- Virgin Atlantic Airways has put its account in review. Crispin Porter + Bogusky has had the account since 2003 and will not defend.
Catch Seinfeld promoting Bee Movie by jumping off an eight story building in Cannes.
- Oddcast is having fun with its Baby Mail.
- Cynopsis reports, "The CW is planning on not selling traditional commercials in the new trend-watching series CW Now on Sunday nights. Instead, the network will integrate marketers into the show as sponsors for specific segments such as fashion, beauty or music. This fall, The CW will also sell five-second spots called "cwickies" to advertisers, in particular movie studios, three times throughout a show or during the course of a night, followed by a longer-form commercial, like a trailer. "
- Apparently, new research suggest young adults read more magazines, not less.
- Check out the Creativity Award winners.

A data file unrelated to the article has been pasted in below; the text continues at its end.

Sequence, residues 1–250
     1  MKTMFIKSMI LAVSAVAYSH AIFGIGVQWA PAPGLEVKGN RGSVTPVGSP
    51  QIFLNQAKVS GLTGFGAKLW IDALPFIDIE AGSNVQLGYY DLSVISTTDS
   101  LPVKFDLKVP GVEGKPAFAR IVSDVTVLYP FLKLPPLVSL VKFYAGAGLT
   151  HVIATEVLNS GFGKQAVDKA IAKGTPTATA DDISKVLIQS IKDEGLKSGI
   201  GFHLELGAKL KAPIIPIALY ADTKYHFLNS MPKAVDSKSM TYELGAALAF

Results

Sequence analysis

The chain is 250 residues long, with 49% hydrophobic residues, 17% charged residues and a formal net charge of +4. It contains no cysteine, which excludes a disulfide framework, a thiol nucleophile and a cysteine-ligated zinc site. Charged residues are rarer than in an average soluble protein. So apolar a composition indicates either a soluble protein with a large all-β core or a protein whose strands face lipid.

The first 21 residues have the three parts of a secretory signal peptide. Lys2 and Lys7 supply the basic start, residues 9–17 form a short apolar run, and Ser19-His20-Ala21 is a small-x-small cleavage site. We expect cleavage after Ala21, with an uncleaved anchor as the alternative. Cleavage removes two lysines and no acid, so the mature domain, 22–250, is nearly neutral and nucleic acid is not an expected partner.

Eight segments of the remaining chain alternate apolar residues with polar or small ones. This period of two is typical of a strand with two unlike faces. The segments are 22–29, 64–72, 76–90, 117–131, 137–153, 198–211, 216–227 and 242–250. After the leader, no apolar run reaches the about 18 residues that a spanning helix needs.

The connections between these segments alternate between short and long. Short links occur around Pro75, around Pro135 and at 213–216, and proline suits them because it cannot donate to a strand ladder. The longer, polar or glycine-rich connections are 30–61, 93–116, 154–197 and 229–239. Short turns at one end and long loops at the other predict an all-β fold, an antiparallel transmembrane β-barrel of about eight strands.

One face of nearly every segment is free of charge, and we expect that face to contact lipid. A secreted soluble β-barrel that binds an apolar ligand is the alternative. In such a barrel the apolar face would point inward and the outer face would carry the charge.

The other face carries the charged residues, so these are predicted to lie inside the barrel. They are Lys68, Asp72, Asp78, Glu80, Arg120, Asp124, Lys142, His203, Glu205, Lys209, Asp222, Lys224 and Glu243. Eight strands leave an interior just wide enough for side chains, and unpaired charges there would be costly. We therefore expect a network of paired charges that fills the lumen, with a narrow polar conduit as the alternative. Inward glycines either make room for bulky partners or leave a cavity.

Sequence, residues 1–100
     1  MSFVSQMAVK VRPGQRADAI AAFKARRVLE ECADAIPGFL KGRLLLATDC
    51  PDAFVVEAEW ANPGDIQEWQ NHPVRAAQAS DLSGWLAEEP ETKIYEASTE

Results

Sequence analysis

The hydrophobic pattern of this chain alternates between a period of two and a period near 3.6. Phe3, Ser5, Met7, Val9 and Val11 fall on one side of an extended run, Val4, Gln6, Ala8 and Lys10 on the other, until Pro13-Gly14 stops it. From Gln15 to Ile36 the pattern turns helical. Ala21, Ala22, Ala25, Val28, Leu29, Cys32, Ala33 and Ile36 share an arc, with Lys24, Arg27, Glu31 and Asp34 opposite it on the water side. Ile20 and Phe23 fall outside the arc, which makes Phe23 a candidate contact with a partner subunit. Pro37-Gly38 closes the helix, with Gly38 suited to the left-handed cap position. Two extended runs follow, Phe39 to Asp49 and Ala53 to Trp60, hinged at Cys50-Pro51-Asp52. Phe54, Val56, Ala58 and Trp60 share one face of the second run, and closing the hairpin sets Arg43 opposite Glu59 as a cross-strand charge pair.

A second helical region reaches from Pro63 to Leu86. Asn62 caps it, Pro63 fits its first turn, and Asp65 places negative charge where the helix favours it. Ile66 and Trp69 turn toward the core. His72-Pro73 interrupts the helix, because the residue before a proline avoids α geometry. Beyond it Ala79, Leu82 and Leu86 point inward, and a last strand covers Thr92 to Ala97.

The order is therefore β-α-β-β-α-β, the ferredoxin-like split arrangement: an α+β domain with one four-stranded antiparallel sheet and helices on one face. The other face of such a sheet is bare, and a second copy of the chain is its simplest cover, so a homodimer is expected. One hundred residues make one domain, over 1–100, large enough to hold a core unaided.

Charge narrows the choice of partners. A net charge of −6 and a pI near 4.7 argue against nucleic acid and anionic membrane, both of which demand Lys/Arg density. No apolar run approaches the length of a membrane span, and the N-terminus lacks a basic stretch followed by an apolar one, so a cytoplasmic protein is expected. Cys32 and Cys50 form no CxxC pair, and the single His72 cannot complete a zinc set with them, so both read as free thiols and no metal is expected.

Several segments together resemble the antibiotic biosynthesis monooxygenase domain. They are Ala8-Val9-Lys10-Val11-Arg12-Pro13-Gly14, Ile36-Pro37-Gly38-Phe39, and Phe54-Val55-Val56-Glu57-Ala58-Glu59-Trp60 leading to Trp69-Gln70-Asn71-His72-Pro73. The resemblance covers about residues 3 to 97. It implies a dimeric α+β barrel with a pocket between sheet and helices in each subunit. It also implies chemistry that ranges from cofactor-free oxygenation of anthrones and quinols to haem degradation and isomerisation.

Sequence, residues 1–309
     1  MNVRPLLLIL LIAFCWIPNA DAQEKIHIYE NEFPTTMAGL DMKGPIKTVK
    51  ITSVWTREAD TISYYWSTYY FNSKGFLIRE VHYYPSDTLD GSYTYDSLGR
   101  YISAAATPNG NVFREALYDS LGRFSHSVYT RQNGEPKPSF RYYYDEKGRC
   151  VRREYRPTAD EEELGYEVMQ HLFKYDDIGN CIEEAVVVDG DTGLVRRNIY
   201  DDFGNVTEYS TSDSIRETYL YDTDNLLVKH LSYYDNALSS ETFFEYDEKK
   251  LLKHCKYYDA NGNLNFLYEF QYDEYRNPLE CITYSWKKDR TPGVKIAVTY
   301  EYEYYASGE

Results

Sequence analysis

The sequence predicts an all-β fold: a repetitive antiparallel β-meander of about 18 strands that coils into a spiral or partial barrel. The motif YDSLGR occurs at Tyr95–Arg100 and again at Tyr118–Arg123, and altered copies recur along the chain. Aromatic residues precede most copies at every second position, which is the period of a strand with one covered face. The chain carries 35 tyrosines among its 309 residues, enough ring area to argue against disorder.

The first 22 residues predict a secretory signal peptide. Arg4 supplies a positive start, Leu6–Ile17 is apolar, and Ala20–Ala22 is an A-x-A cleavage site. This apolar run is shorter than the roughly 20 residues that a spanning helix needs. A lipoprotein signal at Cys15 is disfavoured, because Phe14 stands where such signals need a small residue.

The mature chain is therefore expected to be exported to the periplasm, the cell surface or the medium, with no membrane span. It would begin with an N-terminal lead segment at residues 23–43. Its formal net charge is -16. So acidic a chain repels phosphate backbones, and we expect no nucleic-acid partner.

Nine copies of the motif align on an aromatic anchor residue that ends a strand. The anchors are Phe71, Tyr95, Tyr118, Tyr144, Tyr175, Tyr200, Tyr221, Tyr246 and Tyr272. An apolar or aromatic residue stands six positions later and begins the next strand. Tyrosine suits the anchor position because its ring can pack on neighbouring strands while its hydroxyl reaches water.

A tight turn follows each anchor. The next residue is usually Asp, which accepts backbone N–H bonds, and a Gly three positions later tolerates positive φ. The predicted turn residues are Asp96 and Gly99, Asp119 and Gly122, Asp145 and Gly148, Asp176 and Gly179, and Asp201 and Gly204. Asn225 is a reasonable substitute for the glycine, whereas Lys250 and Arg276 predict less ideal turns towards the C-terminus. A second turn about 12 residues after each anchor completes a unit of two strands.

For the new Audi TT, Lowe Roche, Toronto decided to leverage what we're going to call Boston Syndrome and invade a town with unexplained symbology: giant TTs. Note crop circles. Note video (which is actually quite gorgeous and pleasant).
Orwell would have a blast in '07.
Our only major critique of these sorts of campaigns is that unless you're blowing minds with your guerilla efforts, it might be asking much to assume your consumer is going out of his or her way to pursue an understanding about why TT's are suddenly appearing all over the place.
Out of resentment, they might even go out of their way not to.
And to be fair, corporate art (which also proliferates every corner) is so crappy they might not even register the significance of the TT's, unless they wander mistakenly into a cornfield over lunchtime and stumble across a crop circle.